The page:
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J Occup Health Psychol. 2019 Feb;24(1):36-54. doi: 10.1037/ocp0000104. Epub 2017 Dec 7.

Caring for the elderly at work and home: Can a randomized organizational intervention improve psychological health?

Author information

1
Krannert School of Management, Purdue University.
2
Department of Applied Behavioral Sciences, University of Baltimore.
3
Department of Psychological Science, Ball State University.
4
Department of Psychology, Portland State University.
5
Department of Management, Purdue University.
6
Department of Biobehavioral Health, The Pennsylvania State University.
7
Department of Human Development and Family Studies, The Pennsylvania State University.
8
Department of Sociology, University of Minnesota.
9
Oregon Institute of Occupational Health Sciences, Oregon Health & Science University.
10
School of Public Health, Portland State University.
11
Center for Population and Development Studies, Harvard University.
12
Department of Economics, University of North Carolina at Greensboro.

Abstract

Although job stress models suggest that changing the work social environment to increase job resources improves psychological health, many intervention studies have weak designs and overlook influences of family caregiving demands. We tested the effects of an organizational intervention designed to increase supervisor social support for work and nonwork roles, and job control in a results-oriented work environment on the stress and psychological distress of health care employees who care for the elderly, while simultaneously considering their own family caregiving responsibilities. Using a group-randomized organizational field trial with an intent-to-treat design, 420 caregivers in 15 intervention extended-care nursing facilities were compared with 511 caregivers in 15 control facilities at 4 measurement times: preintervention and 6, 12, and 18 months. There were no main intervention effects showing improvements in stress and psychological distress when comparing intervention with control sites. Moderation analyses indicate that the intervention was more effective in reducing stress and psychological distress for caregivers who were also caring for other family members off the job (those with elders and those "sandwiched" with both child and elder caregiving responsibilities) compared with employees without caregiving demands. These findings extend previous studies by showing that the effect of organizational interventions designed to increase job resources to improve psychological health varies according to differences in nonwork caregiving demands. This research suggests that caregivers, especially those with "double-duty" elder caregiving at home and work and "triple-duty" responsibilities, including child care, may benefit from interventions designed to increase work-nonwork social support and job control. (PsycINFO Database Record (c) 2019 APA, all rights reserved).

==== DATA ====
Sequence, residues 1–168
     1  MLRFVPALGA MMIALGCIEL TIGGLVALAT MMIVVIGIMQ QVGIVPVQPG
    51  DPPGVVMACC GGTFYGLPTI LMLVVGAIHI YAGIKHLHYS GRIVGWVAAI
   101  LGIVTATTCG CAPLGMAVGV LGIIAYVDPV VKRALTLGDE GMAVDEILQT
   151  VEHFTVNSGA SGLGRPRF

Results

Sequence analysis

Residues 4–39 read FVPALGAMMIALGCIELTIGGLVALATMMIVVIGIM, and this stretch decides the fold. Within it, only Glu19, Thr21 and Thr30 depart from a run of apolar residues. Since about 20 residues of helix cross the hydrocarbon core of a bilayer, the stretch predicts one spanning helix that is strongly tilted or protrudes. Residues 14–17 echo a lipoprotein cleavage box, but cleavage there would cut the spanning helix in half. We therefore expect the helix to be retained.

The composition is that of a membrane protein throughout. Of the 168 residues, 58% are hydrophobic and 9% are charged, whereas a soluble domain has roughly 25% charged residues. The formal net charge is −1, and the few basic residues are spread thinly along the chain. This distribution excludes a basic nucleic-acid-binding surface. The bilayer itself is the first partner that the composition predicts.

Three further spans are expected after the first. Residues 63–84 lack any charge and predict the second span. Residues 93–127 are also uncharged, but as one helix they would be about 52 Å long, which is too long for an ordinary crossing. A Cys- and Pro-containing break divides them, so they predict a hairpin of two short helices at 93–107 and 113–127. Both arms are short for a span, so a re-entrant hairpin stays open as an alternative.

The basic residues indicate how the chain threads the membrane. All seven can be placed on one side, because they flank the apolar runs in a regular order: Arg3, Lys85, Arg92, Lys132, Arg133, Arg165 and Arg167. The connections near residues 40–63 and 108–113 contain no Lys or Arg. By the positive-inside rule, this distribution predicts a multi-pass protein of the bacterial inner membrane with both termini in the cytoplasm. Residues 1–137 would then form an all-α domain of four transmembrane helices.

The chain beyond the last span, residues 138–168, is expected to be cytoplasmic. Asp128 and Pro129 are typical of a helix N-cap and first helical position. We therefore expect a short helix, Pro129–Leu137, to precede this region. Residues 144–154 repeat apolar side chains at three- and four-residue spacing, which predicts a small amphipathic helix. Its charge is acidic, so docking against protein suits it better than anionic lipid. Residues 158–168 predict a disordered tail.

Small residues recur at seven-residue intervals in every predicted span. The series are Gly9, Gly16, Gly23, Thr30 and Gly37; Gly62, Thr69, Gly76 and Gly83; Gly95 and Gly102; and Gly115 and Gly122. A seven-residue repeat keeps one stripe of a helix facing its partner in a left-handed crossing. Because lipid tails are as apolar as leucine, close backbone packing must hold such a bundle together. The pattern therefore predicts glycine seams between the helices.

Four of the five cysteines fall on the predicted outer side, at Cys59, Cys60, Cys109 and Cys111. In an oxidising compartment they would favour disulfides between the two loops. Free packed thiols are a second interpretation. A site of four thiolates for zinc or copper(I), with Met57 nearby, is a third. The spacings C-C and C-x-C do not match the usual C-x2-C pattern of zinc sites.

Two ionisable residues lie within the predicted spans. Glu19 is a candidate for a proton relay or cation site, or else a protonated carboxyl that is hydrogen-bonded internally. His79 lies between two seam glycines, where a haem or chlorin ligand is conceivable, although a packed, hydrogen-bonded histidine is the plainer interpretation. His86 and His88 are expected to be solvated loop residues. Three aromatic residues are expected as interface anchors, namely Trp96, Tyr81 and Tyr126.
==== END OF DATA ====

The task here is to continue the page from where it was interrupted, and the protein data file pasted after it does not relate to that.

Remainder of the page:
PMID:
29215909
PMCID:
PMC5991990
DOI:
10.1037/ocp0000104
[Indexed for MEDLINE]
Free PMC Article

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